The Rake Dispatch: Marrakech, Morocco
As one of North Africa’s cultural hubs, Marrakech offers travellers a share of dynamic and traditional experiences, all within its mysterious rose-coloured walls. It is a city that has attracted the attention of the Jet-Set for more than a century.
As one of North Africa’s cultural hubs, Marrakech offers travellers a share of dynamic and traditional experiences, all within its mysterious rose-coloured walls. It is a city that has attracted the attention of the Jet-Set for more than a century, favoured by Sir Winston Churchill (he would visit to paint) as well as fashion designer Yves Saint Laurent - who owned a home here. The senses are flared by the movement of the Medina, the hustle in the Djemaa El-Fna square, the smell of bubbling tagine pots and ras el hanout. It is a place that feels alive, authentic, but by no means stressful to navigate. Marrakech is also a perfect winter escape, with temperatures that are warm but bearable - unlike in the middle of their harsh summer. Before you visit, and inevitably fall in love, this is The Rake’s reliable guide on where to go, where to stay, and what to eat in Marrakech.
WHERE TO STAYIn the heart of the Medina, El Fenn combines luxury with authenticity. It is an oasis of peace in the middle of the bustling markets, offering you proximity to the sites, as well as convenient amenities like a swimming pool, a large roof terrace, cocktail bars, and restaurants. The design is a mix of Old World Marrakech and the finest boutique stays in the world—becoming a home away from home for the well-heeled. Speaking of peace, if you plan on doing day trips to the city, and would rather reside in the breathtaking vistas of the Atlas Mountains, the Kasbah Tamadot is our suggestion. Owned by Sir Richard Branson, the site (which appears like an old Berber fort) is perched dramatically on the edge of a valley. Guests can choose to stay in a room or supremely luxurious Berber tented suits, dotted throughout the landscaped gardens.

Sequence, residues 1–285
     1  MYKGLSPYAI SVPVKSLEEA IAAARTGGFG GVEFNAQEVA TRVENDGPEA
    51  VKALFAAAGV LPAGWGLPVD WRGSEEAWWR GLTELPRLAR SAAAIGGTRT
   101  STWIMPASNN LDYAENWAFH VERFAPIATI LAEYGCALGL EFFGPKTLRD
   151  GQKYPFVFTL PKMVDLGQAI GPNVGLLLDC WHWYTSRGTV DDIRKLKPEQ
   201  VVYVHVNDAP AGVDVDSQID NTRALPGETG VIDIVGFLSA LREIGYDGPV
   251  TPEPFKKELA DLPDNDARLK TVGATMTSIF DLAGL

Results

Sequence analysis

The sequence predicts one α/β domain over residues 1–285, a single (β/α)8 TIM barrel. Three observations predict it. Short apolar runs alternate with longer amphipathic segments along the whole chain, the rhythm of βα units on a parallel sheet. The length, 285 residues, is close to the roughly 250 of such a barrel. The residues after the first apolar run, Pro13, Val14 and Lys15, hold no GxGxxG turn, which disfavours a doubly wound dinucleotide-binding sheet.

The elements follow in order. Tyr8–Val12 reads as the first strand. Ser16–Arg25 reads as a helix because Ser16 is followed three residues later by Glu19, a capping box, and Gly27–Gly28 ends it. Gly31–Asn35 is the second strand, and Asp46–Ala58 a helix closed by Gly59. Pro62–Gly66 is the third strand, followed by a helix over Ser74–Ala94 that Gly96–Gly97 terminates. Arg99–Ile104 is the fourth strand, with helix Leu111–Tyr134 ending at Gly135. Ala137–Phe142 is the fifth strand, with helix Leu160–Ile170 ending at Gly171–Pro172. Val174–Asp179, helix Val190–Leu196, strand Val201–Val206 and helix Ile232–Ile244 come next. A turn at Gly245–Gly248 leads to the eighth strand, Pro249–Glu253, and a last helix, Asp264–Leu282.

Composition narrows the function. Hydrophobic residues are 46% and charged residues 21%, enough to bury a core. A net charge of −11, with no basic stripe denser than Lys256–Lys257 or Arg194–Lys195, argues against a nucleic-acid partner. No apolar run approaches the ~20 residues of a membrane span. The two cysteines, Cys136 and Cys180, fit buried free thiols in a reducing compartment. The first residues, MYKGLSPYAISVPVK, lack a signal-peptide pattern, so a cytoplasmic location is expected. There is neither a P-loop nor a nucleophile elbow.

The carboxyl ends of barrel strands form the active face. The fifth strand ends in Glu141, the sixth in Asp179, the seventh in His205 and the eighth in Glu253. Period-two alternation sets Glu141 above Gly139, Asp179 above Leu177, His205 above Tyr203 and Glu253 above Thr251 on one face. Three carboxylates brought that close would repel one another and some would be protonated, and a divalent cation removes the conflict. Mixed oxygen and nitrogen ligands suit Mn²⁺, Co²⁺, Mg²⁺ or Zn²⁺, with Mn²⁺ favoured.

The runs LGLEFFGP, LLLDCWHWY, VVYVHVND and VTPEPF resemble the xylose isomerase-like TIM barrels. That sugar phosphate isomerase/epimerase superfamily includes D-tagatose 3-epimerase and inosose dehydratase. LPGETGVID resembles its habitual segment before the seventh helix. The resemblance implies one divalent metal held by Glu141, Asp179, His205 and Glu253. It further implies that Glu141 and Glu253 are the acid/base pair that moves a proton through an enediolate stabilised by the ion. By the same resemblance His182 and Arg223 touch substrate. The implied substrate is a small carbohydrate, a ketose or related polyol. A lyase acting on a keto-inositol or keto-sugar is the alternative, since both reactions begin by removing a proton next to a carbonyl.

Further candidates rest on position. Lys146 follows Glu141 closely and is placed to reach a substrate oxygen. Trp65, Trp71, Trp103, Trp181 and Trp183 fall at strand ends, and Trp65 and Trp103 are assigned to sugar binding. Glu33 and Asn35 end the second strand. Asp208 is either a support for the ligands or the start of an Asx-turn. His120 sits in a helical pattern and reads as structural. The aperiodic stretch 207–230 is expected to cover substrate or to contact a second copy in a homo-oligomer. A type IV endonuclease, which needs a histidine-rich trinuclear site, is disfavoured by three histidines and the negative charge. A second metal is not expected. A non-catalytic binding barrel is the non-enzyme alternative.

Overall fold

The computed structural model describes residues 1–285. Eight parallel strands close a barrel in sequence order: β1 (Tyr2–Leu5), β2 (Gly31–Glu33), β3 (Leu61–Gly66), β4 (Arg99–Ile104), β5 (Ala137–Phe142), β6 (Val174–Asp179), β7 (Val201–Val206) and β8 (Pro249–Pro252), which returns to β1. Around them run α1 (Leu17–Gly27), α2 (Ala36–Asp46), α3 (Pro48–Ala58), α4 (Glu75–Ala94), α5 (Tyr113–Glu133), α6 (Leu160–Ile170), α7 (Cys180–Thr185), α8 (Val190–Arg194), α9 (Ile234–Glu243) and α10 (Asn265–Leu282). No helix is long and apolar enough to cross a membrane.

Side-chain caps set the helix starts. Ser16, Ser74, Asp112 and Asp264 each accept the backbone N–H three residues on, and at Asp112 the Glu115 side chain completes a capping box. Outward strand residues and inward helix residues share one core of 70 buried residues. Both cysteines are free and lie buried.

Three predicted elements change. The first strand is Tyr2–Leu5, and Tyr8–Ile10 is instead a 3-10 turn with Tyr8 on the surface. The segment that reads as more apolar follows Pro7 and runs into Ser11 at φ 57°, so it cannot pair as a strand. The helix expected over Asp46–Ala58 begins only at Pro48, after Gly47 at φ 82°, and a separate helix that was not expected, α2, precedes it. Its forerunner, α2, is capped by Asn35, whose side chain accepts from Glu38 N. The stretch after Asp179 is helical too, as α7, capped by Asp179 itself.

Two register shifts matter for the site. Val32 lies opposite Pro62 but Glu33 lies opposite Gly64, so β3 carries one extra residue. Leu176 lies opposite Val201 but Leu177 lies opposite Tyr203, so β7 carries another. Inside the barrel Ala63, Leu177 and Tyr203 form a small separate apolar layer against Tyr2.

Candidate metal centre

WHERE TO EATMarrakech is undergoing a food revolution—thanks to a spate of openings by renowned restaurateur Kamal Laftimi. His Nomad is set over four floors in the Medina, and is a fashionable, contemporary address that offers modern versions of local cuisine; like the juicy Moroccan lamb burgers. For a more refined and glamorous restaurant, La Maison Arabe is set in a romantic riad, with upscaled Berber dishes and a famous vegetable tagine. But many of Marrakech’s culinary charms are ground level: it’s worth seeking out tangia (a stew cooked for hours in an earthen pot) at Mechoui Alley, where you will find locals queuing to sit and eat. It is the long-established site to eat tangia, as well as other local specialties.
WHAT TO DOOnce you’ve haggled and perused your way through the Medina; a trip to the Casbah quarter should be your next stop. This is where the locals do much of their shopping, and it’s suggested that—should you desire one of those meticulous rugs or lamps—this is the best place to find them at their most authentic and fairly priced. The government-run Centre Artisanal includes trusted vendors and fixed-costs.
The Majorelle Gardens, as well as the affixed Yves Saint Laurent house and museum, deserve some of your time in Marrakech. Although frequented largely by tourists, the outdoor-space embodies the traditional Moroccan botanical garden. Be sure to check which exhibitions are showing at the Yves Saint Laurent museum before going. If you have the urge to escape the city walls, you can organise day-trips through your hotel that whisk you away to the Atlas Mountains, or the serene Ouzoud waterfalls. Alternatively, the mysterious empty quarter awaits you, with the deserts of the Atlas offering camel excursions or hikes through isolated—but traditional—Berber villages. Whether you are sitting at a cafe in the city, or into the vastness of the Atlas, Marrakech offers adventurers a myriad of opportunities.